The sheer size and strength of Pierre Nadeau let him rule over the house, his son who was his only audience, where his insanity was law. Many afternoons, when Charles came back from high school, he had to help his father close up the shop, wrap pieces of meat, label them, and sometimes lug the large sides of meat that had been delivered by truck into the shop. Once the chores were done, father and son began the night’s routine, at the end of which the son, more often than not, would finish his day in the cold room. The routine was a kind of ceremony. Charles wasn’t hungry enough to eat the dishes prepared by his father, he would have given anything to finish off the plate of meat and potatoes but he couldn’t, the meat was too close to him, from the family shop, meat was made of the same bloody matter as he was, as red and painful as his own body, the more upset his father became, the less Charles could face his plate, his father’s elliptical speeches, his leaps of logic between subjects that had no link to what was on their plates, the treachery of women, the Amazons who had an eye above their pussies, or so said the father as he raged through the house with no regard for his son. He, the father, whom all wanted to hurt, needed to protect himself from the Amazons, sworn enemies of men, protect himself from them but also everyone and everything else, the G-Men especially, in cahoots with the Amazons and their superhuman sight, the third eye in their pussies that saw everything coming, especially him.
The father combined the most fantastic elements, thinking he could find truth in his constructed system, and understand better than anyone the planetary threats against humanity. He lost himself in his stories instead. Every time, Charles would moan and cry, unable to stay in one place, unable to feel comfortable anywhere, not even in his room from which he could hear his father’s carrying on. Then his father reacted, finally Charles existed, he had to push his son aside, his existence was howling too loudly. He dragged him to the cold room, an old walk-in refrigerator that couldn’t be opened from the inside. His son disappeared into it, partly so he wouldn’t need to suffer his presence in his unfolding insanity, partly to protect him from it, for at times, when light broke through, he would see Charles’ anxiety as he witnessed the insanity he wanted to cure. Almost always he would go and release him an hour later, two at most, but sometimes he’d forget him entirely and wake up in the middle of the night, remembering he’d forgotten. He would run to the cold room, sorry, sorry, and pull his shivering son out, still moaning, and envelope him in his rough tenderness, hugging him too hard, crying over him, choking him, sorry, sorry, tenderness that was, for Charles, worse than the hours of detention.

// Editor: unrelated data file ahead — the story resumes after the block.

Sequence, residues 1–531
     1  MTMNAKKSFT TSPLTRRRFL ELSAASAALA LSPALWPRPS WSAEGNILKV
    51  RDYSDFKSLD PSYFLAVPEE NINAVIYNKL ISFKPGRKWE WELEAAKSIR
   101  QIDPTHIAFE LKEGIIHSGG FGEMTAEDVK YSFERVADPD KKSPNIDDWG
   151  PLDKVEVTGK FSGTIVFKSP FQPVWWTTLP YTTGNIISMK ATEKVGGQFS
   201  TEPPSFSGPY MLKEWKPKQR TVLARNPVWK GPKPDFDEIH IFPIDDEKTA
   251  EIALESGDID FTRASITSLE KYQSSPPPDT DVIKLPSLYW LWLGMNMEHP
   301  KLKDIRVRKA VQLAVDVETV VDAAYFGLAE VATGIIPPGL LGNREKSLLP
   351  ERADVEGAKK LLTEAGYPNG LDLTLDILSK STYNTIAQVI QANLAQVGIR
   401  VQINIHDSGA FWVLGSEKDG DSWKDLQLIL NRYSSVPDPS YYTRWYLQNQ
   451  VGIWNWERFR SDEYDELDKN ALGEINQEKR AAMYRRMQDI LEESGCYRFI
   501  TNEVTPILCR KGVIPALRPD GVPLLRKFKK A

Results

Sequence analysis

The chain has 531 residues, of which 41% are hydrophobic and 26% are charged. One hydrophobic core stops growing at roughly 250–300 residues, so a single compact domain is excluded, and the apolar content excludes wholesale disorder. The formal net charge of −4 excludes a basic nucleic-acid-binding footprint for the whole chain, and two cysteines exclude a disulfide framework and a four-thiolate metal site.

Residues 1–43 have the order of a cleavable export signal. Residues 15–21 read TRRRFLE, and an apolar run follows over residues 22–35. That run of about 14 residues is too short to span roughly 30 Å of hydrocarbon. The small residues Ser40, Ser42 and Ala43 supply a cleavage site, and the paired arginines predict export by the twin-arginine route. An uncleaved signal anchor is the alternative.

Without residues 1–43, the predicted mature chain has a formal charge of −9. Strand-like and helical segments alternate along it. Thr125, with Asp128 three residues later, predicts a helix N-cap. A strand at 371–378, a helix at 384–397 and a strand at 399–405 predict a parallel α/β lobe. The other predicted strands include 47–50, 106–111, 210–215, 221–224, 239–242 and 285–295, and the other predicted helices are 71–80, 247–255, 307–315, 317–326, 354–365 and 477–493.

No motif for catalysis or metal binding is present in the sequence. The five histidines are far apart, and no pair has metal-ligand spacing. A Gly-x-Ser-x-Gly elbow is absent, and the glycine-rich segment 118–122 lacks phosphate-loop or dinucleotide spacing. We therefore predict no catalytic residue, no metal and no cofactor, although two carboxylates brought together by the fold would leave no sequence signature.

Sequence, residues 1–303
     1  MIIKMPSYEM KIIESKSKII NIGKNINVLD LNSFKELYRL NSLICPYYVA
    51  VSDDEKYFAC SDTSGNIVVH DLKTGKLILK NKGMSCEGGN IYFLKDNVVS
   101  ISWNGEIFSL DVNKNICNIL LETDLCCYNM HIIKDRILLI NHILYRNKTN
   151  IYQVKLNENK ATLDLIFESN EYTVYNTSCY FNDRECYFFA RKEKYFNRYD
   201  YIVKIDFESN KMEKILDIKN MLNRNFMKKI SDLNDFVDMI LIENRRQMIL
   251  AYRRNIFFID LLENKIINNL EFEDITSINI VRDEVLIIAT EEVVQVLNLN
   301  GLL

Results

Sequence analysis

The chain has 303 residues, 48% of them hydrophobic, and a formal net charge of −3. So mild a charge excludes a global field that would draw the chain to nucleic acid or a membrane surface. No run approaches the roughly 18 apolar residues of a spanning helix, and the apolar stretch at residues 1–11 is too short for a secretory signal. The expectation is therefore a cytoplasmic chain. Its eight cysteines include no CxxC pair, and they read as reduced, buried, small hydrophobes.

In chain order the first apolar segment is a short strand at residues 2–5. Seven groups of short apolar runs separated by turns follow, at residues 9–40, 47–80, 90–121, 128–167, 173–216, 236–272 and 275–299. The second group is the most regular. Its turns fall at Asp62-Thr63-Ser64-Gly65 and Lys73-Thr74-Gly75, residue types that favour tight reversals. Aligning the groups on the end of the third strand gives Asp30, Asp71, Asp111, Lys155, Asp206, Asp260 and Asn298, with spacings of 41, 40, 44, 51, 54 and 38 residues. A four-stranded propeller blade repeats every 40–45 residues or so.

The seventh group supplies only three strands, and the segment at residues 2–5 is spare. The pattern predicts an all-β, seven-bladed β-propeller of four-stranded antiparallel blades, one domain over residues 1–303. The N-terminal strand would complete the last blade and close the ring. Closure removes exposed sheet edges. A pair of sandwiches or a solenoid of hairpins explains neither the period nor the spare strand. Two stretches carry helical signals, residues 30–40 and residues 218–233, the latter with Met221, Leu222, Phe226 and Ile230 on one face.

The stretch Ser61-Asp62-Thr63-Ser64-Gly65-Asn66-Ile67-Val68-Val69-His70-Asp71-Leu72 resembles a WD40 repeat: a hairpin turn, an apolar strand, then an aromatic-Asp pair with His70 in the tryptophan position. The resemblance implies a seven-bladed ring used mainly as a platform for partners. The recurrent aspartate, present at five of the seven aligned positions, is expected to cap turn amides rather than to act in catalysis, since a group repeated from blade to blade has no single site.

During his isolation in the cold and dark of the cold room, another war began, the one he had to fight not against his father but against the thoughts that tumbled through his mind. The slabs of meat he couldn’t see appeared in photographic detail, they were a presence in the room. Then there were noises, the kind that a footstep in a puddle makes. He heard the sounds of moving viscosity that reached for him in mortal embrace. Charles would try and disappear and breathe as little as possible, to escape the attentions of the butchery.
This nightmare lasted more than a year, then Diane took him back and brought him to live with her and his sister in Magog, not far from Montreal. If his mother had made her move even a month later, it would have been too late, Charles believed, he would have gone mad, he would have fallen in with his father and his beliefs, his Amazons and global treachery. He would have done that out of a desire to survive, the way the spirit adapts to what’s intolerable, faced with the shattering of expectations, the days of ruin with their infernal logic to which only his father held the key. »
“Flesh and Tenderness” is an excerpt from Breakneck by Nelly Arcan, translated from the French by Jacob Homel (Anvil Press, Spring 2015).